Eventually, the Israeli government of Ehud Olmert reached the conclusion that even if Shalit's whereabouts were discovered, there was a 99%-probability that any rescue operation would end up having Shalit killed.
The failure to locate the whereabouts of Shalit, let alone rescue him, did make the Israeli bargaining position difficult, especially in the face of mounting pressure from his family to get him back home at any price.
Israel had and still has a standing policy of retrieving soldiers who are captured by the enemy.
However, the protracted imprisonment of Shalit, coupled with Hamas's stubborn refusal to concede on this issue despite the unprecedented ferocity and criminality of Israel's onslaught against Gaza last year seems to have convinced much of the Israeli public, as well as the military establishment, that a deal with Hamas, however bitter and uncomfortable to the Israelis, would be inevitable.
More to the point, Hamas's management of the Shalit issue proved highly successful. Hamas refused from the very inception to act under pressure and paid little attention to the psychological campaign waged by the Israeli media, and also by the Ramallah leadership.
Quite the contrary, Hamas played the psychological pressure card effectively when it released a short video clip showing Shalit in good health. However, the movement utterly refused to allow International Red Cross delegates to visit Shalit, fearing that Israel might take advantage of such a visit in order to implant certain electronic gadgets that would enable the Israeli intelligence to locate Shalit's whereabouts.
One Fatah leader in the Hebron region lauded Hamas's management of the Shalit affair. He argued that "if Shalit had been detained by Fatah, Israel would have known about his whereabouts from day-1."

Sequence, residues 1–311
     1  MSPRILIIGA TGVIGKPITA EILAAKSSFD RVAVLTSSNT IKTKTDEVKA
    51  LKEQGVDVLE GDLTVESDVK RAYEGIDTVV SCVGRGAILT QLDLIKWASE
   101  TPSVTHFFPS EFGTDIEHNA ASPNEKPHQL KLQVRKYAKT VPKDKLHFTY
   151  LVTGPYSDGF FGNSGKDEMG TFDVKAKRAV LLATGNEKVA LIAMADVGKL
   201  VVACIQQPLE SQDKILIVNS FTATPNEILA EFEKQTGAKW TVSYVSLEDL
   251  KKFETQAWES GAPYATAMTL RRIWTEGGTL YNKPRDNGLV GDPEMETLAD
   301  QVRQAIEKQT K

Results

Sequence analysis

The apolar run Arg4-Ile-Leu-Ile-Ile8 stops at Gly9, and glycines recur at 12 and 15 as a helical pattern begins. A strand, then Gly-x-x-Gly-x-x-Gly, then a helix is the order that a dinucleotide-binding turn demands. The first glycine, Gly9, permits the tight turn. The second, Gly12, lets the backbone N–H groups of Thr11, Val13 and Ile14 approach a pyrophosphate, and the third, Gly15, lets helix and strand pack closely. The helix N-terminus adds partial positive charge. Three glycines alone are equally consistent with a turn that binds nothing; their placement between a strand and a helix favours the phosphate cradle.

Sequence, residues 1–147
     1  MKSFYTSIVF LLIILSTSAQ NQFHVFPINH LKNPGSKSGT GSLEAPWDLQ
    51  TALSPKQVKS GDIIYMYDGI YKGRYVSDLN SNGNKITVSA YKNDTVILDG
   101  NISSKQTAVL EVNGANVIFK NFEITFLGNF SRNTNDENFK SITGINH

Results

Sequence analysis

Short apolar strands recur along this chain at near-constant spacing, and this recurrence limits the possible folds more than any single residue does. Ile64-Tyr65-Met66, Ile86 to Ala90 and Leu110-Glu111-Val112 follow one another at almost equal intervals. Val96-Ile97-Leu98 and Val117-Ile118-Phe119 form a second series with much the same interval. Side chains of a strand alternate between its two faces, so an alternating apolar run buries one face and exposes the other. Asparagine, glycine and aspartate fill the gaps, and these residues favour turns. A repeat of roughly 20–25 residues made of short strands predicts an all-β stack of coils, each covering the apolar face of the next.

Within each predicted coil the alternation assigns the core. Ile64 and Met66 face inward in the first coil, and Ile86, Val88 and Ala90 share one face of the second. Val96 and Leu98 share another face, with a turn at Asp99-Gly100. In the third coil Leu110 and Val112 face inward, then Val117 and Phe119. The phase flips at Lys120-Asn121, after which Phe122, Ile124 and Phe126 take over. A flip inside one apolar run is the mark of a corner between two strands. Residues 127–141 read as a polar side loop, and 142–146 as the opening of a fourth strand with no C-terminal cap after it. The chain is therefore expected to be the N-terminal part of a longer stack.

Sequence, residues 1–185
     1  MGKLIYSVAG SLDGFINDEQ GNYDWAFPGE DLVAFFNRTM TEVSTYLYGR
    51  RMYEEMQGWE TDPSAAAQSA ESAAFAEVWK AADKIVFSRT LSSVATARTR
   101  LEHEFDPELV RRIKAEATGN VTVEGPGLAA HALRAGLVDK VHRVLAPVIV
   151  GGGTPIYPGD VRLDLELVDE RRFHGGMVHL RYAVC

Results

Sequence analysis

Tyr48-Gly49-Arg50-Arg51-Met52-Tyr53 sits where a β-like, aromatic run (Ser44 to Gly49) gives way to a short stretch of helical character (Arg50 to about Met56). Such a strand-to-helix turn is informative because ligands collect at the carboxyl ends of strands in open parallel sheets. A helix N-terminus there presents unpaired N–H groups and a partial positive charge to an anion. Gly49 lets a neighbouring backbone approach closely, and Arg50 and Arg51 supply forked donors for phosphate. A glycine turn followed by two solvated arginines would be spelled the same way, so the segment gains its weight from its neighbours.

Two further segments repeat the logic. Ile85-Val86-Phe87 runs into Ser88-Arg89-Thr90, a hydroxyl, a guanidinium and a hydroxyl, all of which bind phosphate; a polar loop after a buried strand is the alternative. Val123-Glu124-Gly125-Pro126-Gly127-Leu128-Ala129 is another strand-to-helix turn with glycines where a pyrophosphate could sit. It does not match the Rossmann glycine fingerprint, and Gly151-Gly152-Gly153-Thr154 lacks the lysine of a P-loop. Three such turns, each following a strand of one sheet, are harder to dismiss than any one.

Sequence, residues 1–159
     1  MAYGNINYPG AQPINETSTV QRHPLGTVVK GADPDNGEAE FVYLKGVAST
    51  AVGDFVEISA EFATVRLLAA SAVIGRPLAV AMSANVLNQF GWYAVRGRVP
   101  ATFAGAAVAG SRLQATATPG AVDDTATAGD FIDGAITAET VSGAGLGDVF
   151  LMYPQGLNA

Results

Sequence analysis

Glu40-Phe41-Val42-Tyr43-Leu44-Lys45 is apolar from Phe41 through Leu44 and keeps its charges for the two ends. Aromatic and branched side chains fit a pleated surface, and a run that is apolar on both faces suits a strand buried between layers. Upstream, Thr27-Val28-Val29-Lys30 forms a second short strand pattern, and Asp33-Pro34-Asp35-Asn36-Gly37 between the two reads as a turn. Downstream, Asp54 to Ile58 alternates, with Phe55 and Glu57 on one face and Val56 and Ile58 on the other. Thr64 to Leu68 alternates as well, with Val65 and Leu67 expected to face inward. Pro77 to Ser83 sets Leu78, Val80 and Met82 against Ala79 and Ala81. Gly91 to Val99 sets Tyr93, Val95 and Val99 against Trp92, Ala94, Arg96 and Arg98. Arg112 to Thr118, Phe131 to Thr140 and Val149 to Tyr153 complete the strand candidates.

There is no doubt that the Islamic liberation group, Hamas, would be the main winner in any prospective prisoner-swap accord with Israel. There are as many as 10,000 Palestinian political and resistance activists languishing in Israeli detention camps. Moreover, efforts to get Israel to release them have been largely unsuccessful, mainly because Israel wants to use these prisoners as a bargaining chip in order to extricate political concessions from the Palestinian Authority.
Israel and Fatah would be the losers. Israel would lose some of its power of deterrence vis-à-vis the Palestinians. Indeed, the release of hundreds of Palestinian prisoners from Israeli custody would encourage Palestinians to take Israeli prisoners and use them as bargaining chips to force Israel to release more Palestinian detainees.
Moreover, a successful swap-deal from the Palestinian view point would assure the Palestinian public opinion that the fate of thousands of Palestinians in Israeli prisons doesn't have to depend on Israeli magnanimity.
As to Fatah, the group is worried that the release of that many Palestinian prisoners from Israeli prisons will significantly boost Hamas's public standing.
This explains the venomous propaganda war Fatah has been waging on Hamas in recent days, such as repeating the manifestly false claim that Hamas has been conducting secret talks with Israel in Geneva.
Indeed, one of the main reasons the former Olmert government refused to reach an accord with Hamas on the Shalit affair stemmed from concerns that the release of hundreds of Palestinian prisoners from Zionist custody would weaken the western-backed PA leader Mahmoud Abbas.
According to some news reports from Washington, the Obama administration has already asked Israel to release a thousand Fatah prisoners in order to neutralize any prospective popularity gains by Hamas as a result of a possible prisoner exchange deal with Israel.
The Obama administration is trying to woo Abbas to resume the stalled talks with Israel despite the latter's refusal to freeze Jewish settlement expansion especially in East Jerusalem.
Hence, the American gambit should be viewed, at least in part, as a sort of gimmick or even a bribe to encourage Abbas to return to the failed peace process. (end)